Omar: I went to the New Yorker festival last weekend.
Me: Cool, how was it?
Omar: I heard Garry Kasparov speak. He doesn't play chess any more. Now he's in Russian politics. He told a story about a game between a Russian champion and a Bulgarian champion. The Russian champion went to the bathroom a ridiculous number of times. Then he won, and people think he was getting signals in the bathroom.
Me: But he's the Russian champion. Who would know better than him what move to make next? If he's getting tips from a better chess player, why isn't THAT person playing in the game instead?
Omar: Someone could be using a computer to narrow down the top choices, and then analyze each one. A human paired with a computer is unbeatable.
Omar: The champion sometimes has two directions that he could analyze, and he just needs a signal to tell him which direction to focus on. The judges take the game very seriously. While the champions are playing, they sit behind huge concrete blocks so that they can't see the audience. Even someone in the audience raising their hand could be a signal.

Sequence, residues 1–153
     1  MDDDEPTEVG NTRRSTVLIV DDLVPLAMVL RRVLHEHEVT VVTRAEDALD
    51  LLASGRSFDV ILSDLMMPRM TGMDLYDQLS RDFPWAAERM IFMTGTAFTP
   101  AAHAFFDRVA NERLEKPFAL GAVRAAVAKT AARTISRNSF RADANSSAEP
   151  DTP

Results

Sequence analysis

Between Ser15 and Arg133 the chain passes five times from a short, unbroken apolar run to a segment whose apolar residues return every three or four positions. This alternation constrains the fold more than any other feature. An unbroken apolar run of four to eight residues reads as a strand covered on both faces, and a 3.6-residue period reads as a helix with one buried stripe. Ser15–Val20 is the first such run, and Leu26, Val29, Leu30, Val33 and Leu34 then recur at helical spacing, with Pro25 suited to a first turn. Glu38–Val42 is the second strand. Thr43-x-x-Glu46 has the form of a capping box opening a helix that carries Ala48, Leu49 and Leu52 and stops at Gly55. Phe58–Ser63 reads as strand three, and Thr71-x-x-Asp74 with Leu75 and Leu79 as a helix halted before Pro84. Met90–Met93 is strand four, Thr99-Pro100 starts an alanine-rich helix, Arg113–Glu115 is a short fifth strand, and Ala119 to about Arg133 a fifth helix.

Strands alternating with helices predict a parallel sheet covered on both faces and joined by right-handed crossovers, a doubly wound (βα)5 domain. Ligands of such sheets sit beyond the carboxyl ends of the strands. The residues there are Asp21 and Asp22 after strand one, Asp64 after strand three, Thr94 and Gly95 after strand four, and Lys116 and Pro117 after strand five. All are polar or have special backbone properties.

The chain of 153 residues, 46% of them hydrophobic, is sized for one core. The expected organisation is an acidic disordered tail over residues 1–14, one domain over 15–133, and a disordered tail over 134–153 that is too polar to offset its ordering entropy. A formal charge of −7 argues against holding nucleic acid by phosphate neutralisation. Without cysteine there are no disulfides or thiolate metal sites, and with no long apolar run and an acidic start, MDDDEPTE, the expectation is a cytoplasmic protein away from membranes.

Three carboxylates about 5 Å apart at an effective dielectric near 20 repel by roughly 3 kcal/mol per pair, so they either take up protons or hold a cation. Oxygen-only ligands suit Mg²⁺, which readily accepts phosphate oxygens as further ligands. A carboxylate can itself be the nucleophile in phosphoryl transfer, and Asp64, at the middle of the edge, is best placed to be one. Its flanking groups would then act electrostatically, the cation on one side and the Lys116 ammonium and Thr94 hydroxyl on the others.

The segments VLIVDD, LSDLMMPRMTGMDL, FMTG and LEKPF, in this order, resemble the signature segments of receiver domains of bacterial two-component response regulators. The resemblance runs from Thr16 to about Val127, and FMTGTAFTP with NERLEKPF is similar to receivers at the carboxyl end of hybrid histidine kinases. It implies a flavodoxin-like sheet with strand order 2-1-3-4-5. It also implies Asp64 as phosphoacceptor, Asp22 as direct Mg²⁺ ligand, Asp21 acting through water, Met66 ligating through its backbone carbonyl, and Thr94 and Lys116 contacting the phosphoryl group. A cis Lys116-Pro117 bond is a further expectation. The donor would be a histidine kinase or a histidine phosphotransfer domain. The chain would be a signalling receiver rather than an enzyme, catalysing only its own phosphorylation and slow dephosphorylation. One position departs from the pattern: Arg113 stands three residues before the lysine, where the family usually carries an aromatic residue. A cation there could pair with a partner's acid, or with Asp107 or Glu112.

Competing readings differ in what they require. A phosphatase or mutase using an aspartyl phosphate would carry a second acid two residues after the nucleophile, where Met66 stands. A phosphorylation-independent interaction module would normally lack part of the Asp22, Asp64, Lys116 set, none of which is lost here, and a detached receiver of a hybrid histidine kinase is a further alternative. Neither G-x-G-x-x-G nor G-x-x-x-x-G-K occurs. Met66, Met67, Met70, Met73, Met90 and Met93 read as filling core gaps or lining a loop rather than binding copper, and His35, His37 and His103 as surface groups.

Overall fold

Me: Didn't his time run out while he was going to the bathroom?
Omar: He went during the other person's turn. Afterwards the Bulgarian team protested, so the judges made a change. Up until then, each team had its own separate bathroom, but for the next match, they only allowed one bathroom for both teams.
Me: But maybe he had an upset stomach, and that's why he went to the bathroom.
Omar: He went a ridiculous number of times, like forty times within a single match.
Omar: They called it the "toilet chess match".